Edward LEAR and his illustration of a blue macaw described by him as Macrocercus hyacinthinus or Hyacinthine macaw in his Illustrations of the family of the Psittacidae

published 1830-32, but later identified as different species by Prince Charles Bonaparte and named after the famous illustrator in the Iconographie des Perroquets (1857-8).

Edward Lear (1812-88) is famous for his nonsense verse, limericks, amusing stories and songs such as the Owl and the Pussy-cat, but he was also one of the most talented illustrators of birds in the first half of the 19th Century. His father lost his fortune through speculating and the young Edward was brought up by his eldest sister. He had to work from the age of 15 preparing posters, leaflets and advertisements for businesses and was largely self-taught. At the age of eighteen he began the 42 illustrations for the Illustrations of the family of the Psittacidae or Parrots, which was completed in 1832. From 1832 to 1837 Lear worked at Knowsley near Liverpool for Lord Stanley, who became the 13th Earl of Derby in 1834, and was President of the Zoological Society of London. After 1837 Lear spent most of the rest of his life - some 50 years - in the warmer climate of southern Europe and died aged 75 in 1888 in San Remo in Italy.

He worked as illustrator for many of the book publishers at the time, most particularly John Gould, with whom he worked on The Birds of Europe, published 1832-7, the Monograph of the Ramphistidae, or Family of Toucans, published 1834 and 1835, and finally the Monograph of the Trogonidae, or Family of Trogons, published in 1838. He is believed to be the first to draw from living specimens wherever possible and also to produce his own lithographs

In all his work Lear showed a keen insight into the nature of the bird he was illustrating and usually succeeded in capturing its personality. This applies especially to his illustration of what he thought was an Hyacinthine Macaw. The posture of the macaw is typical of the Anodorhynchusmacaws. It also has the " sleepy eye ", which the website editor believed typical for the species from personal observations and photographs.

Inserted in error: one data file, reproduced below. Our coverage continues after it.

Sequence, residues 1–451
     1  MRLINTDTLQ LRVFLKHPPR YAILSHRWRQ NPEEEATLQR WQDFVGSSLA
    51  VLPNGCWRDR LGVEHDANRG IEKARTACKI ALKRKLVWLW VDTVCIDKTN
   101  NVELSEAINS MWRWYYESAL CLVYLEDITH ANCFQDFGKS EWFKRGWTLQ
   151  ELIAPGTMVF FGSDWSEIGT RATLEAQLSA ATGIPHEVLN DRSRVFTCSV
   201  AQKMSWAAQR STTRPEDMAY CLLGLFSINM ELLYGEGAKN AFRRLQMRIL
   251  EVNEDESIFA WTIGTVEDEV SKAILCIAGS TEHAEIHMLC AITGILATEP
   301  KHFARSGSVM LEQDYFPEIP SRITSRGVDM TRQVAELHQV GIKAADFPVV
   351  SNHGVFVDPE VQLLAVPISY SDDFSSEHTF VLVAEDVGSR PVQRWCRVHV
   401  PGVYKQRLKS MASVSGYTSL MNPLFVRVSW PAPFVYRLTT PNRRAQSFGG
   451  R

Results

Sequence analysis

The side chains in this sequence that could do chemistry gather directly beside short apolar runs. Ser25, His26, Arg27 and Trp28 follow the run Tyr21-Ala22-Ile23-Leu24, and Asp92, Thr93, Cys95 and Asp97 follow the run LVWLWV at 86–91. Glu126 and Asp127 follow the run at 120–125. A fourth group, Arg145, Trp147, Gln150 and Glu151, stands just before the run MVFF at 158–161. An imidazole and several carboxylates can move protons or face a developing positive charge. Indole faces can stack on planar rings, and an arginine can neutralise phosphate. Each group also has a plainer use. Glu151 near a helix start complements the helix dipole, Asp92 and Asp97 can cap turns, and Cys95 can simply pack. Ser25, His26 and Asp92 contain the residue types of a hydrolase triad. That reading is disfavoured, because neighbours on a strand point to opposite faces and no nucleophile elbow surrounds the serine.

However, all the macaws I saw until recently were fairly old birds - the surviving Lear's Macaw at Bourton-on-the-Water, which Harry Sissen, a British breeder in Yorkshire, acquired some ten years ago (1991?) was supposed to be more than 40 years old. The pair on loan to Harry from Mulhouse Zoo, France until they were stolen two years ago (1999) were at least 25 years in captivity. He had a male on loan some eight years ago (1993?) from a South African breeder, which we saw briefly once soon after he acquired it and was alleged to be some fifteen years old. Nelson Kawall's female, now (2001) in Sao Paulo Zoo, was also quite old.

It was only very recently when I saw a young macaw in Sao Paulo Zoo, which had been repatriated from Paris after being smuggled out of Brazil by a Singaporean citizen, and observed some macaws in the wild that I realised the "sleepy eye" characteristic is probably due to advanced age, dietary deficiency or both.

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 " Naturam expellas furca, tamen usque recurret "

( If you drive out nature with a pitchfork, she will soon find a way back)

Horace (65-8 BC)